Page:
In December 2008 Hendricks sent a letter to the court, plaintiff, and WYFF attempting to cease the bankruptcy proceeding. “It is my intention to work out a payment plan with my creditors.”
The court did not grant her request to stop the bankruptcy proceedings.
In the 47-page deposition Hendricks then went on to explain how the $115,000 was spent over the course of the next year and a half.
The largest amount- $20,000- Hendricks said was given as a tithe to her church. The lawyer asked why the church wouldn’t have record of receiving a lump sum in their collection plate.
“They should be able to tell you that there was a day on which all of a sudden 20 grand in cash popped up in the collection,” the lawyer said. Hendricks said they didn’t have record of it because she donated the money on two separate occasions in the amount of $10,000. The lawyer said that still didn’t explain why the church didn’t have record of receiving the money.
Hendricks then explained that the rest of the money was given to family members, friends and sometimes strangers. Personally she used the money to purchase new furniture for her mobile home, made repairs to the bathroom, purchased a security system with cameras, and paid two people to build a website for her new motivational speaking business.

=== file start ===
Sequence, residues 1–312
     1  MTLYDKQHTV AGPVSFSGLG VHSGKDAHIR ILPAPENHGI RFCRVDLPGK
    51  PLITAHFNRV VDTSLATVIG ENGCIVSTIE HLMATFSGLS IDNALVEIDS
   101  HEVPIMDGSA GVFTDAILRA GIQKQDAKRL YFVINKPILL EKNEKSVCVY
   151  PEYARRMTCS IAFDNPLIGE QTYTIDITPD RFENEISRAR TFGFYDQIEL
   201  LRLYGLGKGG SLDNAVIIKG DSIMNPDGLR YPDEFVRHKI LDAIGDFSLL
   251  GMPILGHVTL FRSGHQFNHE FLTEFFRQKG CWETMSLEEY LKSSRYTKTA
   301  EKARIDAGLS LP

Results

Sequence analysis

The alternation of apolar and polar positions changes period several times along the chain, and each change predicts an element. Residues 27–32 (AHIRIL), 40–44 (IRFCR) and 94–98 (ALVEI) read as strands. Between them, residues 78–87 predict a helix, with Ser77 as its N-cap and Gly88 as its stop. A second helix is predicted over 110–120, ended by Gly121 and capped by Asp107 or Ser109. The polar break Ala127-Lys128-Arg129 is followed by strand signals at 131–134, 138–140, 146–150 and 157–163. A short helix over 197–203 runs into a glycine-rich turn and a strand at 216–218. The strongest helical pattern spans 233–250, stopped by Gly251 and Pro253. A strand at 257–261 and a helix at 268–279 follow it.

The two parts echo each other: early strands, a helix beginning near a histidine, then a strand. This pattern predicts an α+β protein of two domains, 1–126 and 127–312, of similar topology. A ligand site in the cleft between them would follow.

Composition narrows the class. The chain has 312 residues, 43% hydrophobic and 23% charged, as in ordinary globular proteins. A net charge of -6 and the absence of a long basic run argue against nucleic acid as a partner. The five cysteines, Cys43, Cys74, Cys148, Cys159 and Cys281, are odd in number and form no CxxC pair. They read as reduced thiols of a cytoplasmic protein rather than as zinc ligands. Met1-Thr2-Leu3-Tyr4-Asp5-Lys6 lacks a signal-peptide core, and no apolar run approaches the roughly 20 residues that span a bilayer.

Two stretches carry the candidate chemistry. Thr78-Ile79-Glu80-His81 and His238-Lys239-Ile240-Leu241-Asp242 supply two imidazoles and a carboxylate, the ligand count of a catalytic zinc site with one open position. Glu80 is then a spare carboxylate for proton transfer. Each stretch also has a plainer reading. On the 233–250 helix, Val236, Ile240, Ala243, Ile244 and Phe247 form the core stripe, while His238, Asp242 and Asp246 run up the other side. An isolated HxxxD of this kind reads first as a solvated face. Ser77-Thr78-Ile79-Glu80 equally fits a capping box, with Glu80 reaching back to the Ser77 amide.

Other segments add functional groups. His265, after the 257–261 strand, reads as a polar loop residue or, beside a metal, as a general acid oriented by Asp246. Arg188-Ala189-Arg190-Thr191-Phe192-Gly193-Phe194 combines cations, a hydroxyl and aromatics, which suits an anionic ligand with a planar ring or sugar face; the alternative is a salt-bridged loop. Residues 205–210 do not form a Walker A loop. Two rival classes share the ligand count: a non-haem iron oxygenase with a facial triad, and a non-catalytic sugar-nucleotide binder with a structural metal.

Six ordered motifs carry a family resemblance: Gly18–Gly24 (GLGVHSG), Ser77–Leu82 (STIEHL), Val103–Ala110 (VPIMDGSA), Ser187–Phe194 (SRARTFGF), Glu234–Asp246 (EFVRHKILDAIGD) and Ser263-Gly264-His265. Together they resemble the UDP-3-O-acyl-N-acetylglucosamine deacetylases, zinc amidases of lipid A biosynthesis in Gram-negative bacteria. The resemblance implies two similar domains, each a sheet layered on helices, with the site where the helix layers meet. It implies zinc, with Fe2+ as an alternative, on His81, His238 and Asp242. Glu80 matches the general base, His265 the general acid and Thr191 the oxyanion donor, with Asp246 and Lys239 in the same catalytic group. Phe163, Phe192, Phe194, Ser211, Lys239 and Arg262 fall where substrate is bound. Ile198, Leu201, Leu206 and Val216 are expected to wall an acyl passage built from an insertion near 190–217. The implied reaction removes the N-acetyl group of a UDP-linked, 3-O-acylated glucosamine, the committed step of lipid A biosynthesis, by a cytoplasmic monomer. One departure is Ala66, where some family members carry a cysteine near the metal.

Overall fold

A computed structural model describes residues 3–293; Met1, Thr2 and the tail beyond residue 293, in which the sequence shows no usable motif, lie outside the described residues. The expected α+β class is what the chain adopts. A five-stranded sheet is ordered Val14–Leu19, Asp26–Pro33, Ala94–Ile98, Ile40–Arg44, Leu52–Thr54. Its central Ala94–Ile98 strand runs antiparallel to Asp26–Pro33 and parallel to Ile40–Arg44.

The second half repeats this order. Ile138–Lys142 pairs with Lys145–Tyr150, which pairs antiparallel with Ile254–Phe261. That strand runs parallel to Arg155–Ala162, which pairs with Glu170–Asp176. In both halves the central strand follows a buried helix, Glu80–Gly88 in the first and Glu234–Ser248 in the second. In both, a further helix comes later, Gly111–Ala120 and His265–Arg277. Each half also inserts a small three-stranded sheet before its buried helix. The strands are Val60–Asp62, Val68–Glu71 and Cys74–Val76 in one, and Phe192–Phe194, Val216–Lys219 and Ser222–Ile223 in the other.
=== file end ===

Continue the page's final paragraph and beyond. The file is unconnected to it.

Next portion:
She told the lawyer that she had also helped friends purchase used cars, make a down payment on a mobile home, make repairs to cars, and she even helped a friend avoid bankruptcy. Hendricks recalled giving some of the money to two different women with whom she had relationships with. She helped another friend pay to have his father brought to the U.S. illegally from Mexico.
In the deposition Hendricks described a period of great stress in her family life that included her son Marshall’s troubles with police, her son Matthew’s open heart surgery and supposed drug problems, her father’s death and the depression she suffered after shooting and killing an intruder in her home in 2006.
Following this period Hendricks said she spent the money on others with the hope that her family and friends would love her in return.
“I thought if I let them borrow this money, if I try to help them, if I do this for them, that they will love me. But in turn, it turned out I basically gave away a lot of money to people that I haven’t seen since then, that have basically walked off. I guess you’d say it didn’t work. They didn’t love me. And I can’t account for all the money.”